The proposal, though, is the first step in an approach that could eventually lead to the creation of a hub that includes a performing arts center, a conference center and a mixed-use development on some of the 435 acres adjacent to the amphitheater. There is already a library, a firing range, a police training center and a recycling center and transfer station on the land.
Those projects, though, depend on whether anyone is interested in managing the amphitheater itself. Adding more shows and increasing usage of the venue itself would help spur additional development — eventually.
For now, the county has offered a proposal that asks for bids to manage the venue, including its concessions, web site and parking. It also includes sponsorships, including for a skybox at the facility and the eventual naming rights of Wolf Creek. Since it opened, no sponsorships have been sold.
Bids are due Nov. 1 and commissioners are scheduled to make a decision about the amphitheater’s future in December.
The new operator would be expected to have at least 20 shows a year beginning in the spring and ending in fall. The county wants it to have an alcohol license for its eight concession stands. The county may put money into improvements — including additional seats — if Wolf Creek is bringing in enough money to warrant it.
The amphitheater, which seats about 5,300 — most on the lawn — is about 10 miles west of Hartsfield-Jackson International Airport. It’s similar in size to Chastain Park Amphitheatre in Buckhead, which is about 10 miles north of downtown Atlanta. Chastain is managed by Live Nation, the largest concert promoter in the world, and attracts a diverse range of acts, such as Willie Nelson, Josh Groban and Jill Scott. Live Nation also manages Lakewood Amphitheatre, the Tabernacle and Verizon Wireless Amphitheatre in Alpharetta, while Infinite Energy Center in Duluth is managed by the private company Sugarloaf Gwinnett Center, under the direction of the Gwinnett Convention and Visitors Bureau Board on behalf of Gwinnett County.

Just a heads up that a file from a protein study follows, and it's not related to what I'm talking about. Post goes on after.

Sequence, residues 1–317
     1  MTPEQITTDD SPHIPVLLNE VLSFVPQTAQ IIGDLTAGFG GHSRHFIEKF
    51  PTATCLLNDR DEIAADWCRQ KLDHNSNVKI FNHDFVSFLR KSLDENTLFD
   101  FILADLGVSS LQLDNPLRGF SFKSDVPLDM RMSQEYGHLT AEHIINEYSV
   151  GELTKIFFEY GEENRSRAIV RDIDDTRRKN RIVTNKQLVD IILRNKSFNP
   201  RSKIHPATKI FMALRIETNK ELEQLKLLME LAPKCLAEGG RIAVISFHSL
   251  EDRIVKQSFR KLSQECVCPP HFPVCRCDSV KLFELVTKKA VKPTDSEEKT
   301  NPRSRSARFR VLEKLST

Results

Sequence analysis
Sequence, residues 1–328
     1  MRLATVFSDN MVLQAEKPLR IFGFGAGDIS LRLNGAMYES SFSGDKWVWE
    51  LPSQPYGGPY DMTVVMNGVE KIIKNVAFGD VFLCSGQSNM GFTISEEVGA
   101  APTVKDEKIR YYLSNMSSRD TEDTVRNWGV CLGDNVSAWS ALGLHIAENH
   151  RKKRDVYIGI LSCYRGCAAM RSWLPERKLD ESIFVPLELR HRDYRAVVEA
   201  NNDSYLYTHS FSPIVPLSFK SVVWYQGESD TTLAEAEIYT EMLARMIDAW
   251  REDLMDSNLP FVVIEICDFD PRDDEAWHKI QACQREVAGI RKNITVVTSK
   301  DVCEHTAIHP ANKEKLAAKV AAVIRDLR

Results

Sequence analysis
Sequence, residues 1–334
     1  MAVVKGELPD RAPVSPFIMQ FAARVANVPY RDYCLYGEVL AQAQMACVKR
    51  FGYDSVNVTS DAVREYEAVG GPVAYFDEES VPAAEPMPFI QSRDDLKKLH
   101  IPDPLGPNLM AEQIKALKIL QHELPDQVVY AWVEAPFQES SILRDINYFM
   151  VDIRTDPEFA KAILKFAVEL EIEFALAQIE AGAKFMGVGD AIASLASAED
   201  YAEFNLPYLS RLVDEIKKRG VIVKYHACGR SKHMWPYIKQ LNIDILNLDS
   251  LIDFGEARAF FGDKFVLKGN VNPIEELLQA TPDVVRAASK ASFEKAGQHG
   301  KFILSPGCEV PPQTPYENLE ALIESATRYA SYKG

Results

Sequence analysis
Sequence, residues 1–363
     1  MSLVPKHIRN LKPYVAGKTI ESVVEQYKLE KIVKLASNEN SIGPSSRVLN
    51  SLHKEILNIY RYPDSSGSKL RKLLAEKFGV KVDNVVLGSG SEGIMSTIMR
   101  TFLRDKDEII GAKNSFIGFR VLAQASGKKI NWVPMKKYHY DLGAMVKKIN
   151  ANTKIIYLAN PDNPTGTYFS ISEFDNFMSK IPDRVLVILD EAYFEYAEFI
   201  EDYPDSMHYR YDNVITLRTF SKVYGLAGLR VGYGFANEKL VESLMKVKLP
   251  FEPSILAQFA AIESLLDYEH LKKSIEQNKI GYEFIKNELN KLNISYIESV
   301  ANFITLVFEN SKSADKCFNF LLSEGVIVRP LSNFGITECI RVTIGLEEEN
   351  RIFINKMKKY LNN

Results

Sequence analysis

Wolf Creek would offer a potential operator a medium-size venue in an area of Atlanta that is currently underserved for mid-range acts. Most of the lineup at Wolf Creek consists of nostalgia R&B/soul acts; El DeBarge, Doug. E. Fresh, Keith Sweat and Dru Hill performed at the venue this summer.
Lakewood Amphitheatre, about 12 miles east, accommodates nearly 20,000 patrons and typically books larger draws such as Luke Bryan and 5 Seconds of Summer.
Some residents, though, don’t want Wolf Creek, built on the site of the 1996 Summer Olympics shooting range, to be a regional destination.
Parking is free and picnicking is allowed on the lawn. South Fulton residents who attended a commission meeting holding signs that read "Wolf Creek is World Class" and "No Outsourcing Wolf Creek" don't want to see the character of the venue change.
If a private operator takes over, Stanford Lightfoot said he is concerned that it will eliminate free parking and stop allowing patrons to bring in their own food and drinks. Lightfoot, a comedian who has performed at Wolf Creek at MC Lightfoot, worries that the R&B performers will be replaced by acts that could be seen at the Fox Theatre or Lakewood Amphitheatre.
“That’s not what they want to see,” Lightfoot said of residents. “It’s working fine.”
But Lightfoot’s version of success — an enjoyable concert experience — isn’t enough for the county. Its request for bids encourages people to be “innovative and creative” about how it will generate revenue, and share it with the county. It suggests parking fees and rental fees in addition to ticket and concession sales.
Kim Etheredge, who lives in the area, said she fears new control will make the venue unaffordable. No one wanted to run it when it was just starting out, she said. But now that it is successful for the county, there are those who want to make more off it.
“Once it gets larger, someone takes notice,” she said.
In 2012, commissioners considered seeking private management for the amphitheater, which cost $6.1 million to build. At that time, there were no takers.
“Let’s see how far this will go,” Anderson said. “It seems like people see South Fulton Parkway as something with huge potential. … What we don’t want to see is it turn into just warehouses.”